Benefits to Hiring an Attorney to Assist You on an SSD Benefits Claim

If you hire a Social Security Disability attorney to help with your claim, he or she will guide you through the following process:

Preparation

Preparing your claim, which will include gathering documents and other required information is an essential part of the claims process. An attorney can help gather the documentation needed to substantiate your claim, such as: personal information (including information on your children or spouse); military information, if applicable; IRS forms; bank account information; addresses and phone numbers; detailed medical records and referrals; medication history; a list of prior employment history; and information on other disability claims, if applicable.

You will be required to submit extensive documentation to the SSA, and determining what information is required for your claim can be a difficult process. An attorney can help ensure your claim satisfies the SSA’s requirements, which can help expedite the application process. He or she can also assist in gathering documents that you are unable to access on your own.

Communication

An attorney can keep track of the status of your claim, alert you to any requests for new information, and speak with Social Security Administration (SSA) representatives on your behalf to answer questions that may arise regarding your application. Knake Law understands that most injured parties that apply for SSD try to work and care for their families and may not have the time needed to deal with the SSA as it reviews their claim.

Finalizing a Claim

If your disability claim is approved, your attorney will review the SSA’s calculations to determine if any vital information was missed or if any errors were made. He or she will also address any questions you may have concerning your new benefits.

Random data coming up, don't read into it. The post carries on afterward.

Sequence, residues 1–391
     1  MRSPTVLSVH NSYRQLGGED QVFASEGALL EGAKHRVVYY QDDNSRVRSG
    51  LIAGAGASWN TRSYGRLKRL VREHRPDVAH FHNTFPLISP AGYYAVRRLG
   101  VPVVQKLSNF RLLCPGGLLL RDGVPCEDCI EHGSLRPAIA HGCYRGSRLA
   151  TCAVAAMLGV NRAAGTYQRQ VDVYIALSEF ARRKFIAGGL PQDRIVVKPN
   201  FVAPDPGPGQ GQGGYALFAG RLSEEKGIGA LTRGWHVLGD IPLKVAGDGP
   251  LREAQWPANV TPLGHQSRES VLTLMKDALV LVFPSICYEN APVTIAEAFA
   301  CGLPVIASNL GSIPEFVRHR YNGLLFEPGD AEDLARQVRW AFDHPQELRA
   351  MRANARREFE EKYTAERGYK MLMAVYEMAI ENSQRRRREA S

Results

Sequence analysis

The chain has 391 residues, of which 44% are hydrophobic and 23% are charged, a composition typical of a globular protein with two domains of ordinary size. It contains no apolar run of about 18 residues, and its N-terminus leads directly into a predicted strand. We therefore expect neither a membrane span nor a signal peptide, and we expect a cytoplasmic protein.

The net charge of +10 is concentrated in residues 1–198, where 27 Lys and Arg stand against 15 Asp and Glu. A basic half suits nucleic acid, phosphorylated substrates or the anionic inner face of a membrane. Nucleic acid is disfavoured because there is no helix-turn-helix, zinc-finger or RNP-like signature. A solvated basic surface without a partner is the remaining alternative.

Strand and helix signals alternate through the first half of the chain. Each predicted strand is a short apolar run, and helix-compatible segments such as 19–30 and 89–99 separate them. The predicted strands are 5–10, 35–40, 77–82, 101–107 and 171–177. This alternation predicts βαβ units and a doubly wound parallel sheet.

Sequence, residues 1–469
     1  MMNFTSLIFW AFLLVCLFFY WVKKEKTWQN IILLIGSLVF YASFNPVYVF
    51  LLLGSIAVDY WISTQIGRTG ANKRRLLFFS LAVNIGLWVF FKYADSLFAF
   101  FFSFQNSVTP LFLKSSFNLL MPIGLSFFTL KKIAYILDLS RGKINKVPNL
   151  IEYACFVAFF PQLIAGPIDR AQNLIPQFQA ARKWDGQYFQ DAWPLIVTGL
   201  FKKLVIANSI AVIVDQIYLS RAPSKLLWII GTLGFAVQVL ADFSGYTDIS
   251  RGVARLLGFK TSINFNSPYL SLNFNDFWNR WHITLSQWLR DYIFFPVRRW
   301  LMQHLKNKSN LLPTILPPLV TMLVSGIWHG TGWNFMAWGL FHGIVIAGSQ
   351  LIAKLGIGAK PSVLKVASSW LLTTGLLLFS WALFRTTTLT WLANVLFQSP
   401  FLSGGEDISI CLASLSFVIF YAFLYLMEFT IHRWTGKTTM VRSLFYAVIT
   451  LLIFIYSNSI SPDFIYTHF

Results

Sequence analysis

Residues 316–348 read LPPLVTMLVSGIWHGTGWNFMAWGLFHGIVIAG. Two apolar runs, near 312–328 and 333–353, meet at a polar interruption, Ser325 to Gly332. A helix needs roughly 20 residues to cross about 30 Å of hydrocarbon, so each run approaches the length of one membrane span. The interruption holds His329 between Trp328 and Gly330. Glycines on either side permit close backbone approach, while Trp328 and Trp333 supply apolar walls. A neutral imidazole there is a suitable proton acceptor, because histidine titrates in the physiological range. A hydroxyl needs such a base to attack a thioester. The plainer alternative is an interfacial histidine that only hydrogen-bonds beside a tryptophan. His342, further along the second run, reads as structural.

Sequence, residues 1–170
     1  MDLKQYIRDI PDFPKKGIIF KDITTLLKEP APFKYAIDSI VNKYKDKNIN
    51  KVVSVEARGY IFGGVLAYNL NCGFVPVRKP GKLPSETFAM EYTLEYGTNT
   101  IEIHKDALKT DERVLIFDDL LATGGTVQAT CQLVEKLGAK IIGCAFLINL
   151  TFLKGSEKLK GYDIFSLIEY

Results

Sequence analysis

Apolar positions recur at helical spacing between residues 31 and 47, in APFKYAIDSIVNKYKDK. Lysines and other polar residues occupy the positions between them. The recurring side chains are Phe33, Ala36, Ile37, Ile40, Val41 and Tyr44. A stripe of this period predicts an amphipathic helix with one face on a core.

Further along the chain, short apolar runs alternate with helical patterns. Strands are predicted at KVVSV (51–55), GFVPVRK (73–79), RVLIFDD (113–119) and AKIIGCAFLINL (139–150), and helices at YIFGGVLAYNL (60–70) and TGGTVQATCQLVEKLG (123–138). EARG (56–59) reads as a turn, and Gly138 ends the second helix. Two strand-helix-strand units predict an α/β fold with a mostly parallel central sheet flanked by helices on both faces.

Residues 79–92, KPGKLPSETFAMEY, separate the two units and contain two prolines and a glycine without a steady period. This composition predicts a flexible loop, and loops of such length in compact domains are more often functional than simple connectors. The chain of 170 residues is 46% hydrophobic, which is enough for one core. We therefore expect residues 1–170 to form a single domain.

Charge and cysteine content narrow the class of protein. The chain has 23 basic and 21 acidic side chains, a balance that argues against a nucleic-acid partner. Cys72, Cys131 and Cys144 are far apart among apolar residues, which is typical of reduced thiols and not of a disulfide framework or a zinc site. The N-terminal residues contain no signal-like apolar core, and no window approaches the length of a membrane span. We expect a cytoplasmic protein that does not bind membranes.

Appeal

If your application for benefits was not approved, you may be able to file an appeal which as a good chance of success if it is prepared and presented by an experience attorney.

Description of the Appeal Process if Your Application is Denied

Reconsideration

If your initial application for benefits has been denied, your attorney will file a request for reconsideration. During this stage, a claims examiner who was not involved in the initial review process will reconsider your application. They will take into consideration any new evidence that you or your attorney have uncovered to supplement your claim. Your attorney can respond on your behalf to any questions posed by the claims examiner during this stage.

Hearing

If your claim is again denied or if you do not agree with the results, the next step is to request a hearing by an administrative law judge. During this stage, your attorney may: prepare you for questions that could be asked at your hearing; request that the judge subpoena witnesses vital to proving the legitimacy of your claim; argue your case before the judge; question witnesses and experts; present new evidence or information you believe was not reviewed properly; and, if you have already been awarded benefits, ask the judge to review and reassess the calculations.

Federal Court

If your claim is denied for review in front of an ALJ or if you disagree with the Appeal Council’s decision, you can file a lawsuit in federal district court.

Types of Social Security Disability Benefits

Disability Insurance Benefits (SSD or SSDI)